Three years into Saul’s reign as king of Israel, he faced their sworn enemy, the Philistines, once again. Prince Jonathan provoked the Philistines by attacking one of their garrisons. In response, the latter marshaled their forces, 30,000 chariots, 6000 horsemen and innumerable foot soldiers, a massive army, to retaliate Jonathan’s “insolence”. King Saul’s army numbered a paltry 2000 soldiers.
The prophet Samuel had promised to come in seven days, offer the burnt and peace offerings before the two armies clashed. When Samuel had not shown up by the seventh day, Saul went ahead and performed the sacrifice and as soon as he did, the prophet appeared. The following ensued:
“And Samuel said, “What have you done?” Saul said, “When I saw that the people were scattered from me, and that you did not come within the days appointed, and that the Philistines gathered together at Michmash, then I said, ‘The Philistines will now come down on me at Gilgal, and I have not made supplication to the Lord .’ Therefore I felt compelled, and offered a burnt offering.”” I Samuel 13:11-12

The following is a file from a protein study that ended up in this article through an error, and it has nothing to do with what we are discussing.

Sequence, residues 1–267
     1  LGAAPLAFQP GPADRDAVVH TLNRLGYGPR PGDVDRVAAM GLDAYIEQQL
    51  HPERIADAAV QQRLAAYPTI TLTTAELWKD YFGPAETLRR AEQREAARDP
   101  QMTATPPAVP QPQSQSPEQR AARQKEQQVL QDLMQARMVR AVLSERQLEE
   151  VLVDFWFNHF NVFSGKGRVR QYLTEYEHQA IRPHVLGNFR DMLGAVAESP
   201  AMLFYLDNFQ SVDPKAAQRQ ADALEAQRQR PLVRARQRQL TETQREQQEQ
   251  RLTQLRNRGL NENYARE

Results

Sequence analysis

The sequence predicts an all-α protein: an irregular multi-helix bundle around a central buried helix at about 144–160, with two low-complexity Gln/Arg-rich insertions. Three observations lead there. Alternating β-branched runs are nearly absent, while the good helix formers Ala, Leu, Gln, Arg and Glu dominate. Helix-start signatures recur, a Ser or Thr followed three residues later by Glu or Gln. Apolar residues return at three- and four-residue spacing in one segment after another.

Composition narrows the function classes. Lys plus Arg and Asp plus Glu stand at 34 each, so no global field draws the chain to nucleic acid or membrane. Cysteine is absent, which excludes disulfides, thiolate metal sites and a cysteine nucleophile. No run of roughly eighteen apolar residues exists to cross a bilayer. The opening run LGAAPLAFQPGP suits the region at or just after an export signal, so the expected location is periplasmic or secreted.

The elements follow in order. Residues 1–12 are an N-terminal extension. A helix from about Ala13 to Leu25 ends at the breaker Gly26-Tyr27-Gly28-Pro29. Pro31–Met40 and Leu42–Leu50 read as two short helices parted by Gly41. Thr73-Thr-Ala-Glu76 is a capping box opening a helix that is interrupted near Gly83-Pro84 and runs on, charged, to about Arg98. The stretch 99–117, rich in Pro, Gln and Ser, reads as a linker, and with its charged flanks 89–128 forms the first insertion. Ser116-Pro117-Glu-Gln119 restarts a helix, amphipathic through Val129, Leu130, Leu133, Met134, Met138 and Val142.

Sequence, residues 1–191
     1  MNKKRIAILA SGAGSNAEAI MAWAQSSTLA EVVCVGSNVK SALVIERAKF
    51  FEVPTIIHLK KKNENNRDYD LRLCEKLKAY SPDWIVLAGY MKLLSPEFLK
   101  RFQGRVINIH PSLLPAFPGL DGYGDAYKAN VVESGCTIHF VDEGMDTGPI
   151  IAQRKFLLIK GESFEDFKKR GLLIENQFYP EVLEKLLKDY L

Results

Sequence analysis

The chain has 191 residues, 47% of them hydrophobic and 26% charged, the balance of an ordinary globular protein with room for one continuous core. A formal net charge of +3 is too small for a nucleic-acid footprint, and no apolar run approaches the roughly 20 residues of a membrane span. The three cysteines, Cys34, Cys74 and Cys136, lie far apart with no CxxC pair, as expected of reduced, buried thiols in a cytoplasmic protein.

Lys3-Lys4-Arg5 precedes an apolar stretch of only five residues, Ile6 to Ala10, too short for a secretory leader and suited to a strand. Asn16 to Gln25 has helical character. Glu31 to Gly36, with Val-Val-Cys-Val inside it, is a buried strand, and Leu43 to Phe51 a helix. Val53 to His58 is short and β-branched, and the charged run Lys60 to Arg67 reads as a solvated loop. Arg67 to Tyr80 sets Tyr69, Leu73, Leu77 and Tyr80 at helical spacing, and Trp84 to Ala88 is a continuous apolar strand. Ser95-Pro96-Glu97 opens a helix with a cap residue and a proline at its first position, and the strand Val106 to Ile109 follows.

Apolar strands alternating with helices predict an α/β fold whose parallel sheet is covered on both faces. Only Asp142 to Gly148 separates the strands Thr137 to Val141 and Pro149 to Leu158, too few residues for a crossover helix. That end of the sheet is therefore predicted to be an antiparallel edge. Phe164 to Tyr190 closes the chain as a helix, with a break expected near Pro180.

Looking at all the facts on the ground, Saul was probably right to have panicked but that could not excuse Saul’s disobedience of prophetic instruction. Instead of repenting of what he had done, Saul gave one excuse after another for his actions.
We are like Saul in many ways. When we panic, reach our limit, think we are in an emergency situation we set the Lord’s commandments aside and do our own thing. It is a sign of a lack of trust and faith in our God. Sometimes God himself will push you to your limit to test your faith. Fire always separates pure gold from fake gold. What you do when you are in a tight spot determines how much faith you have. As Saul quickly found out, disobeying God will have disastrous consequences and no excuse will excuse us from the effects of some of the actions we take.
Whatever excuses you are dreaming of to justify your going against God’s instruction, please do not. May God provide grace! Blessings.
Love, Lady Monica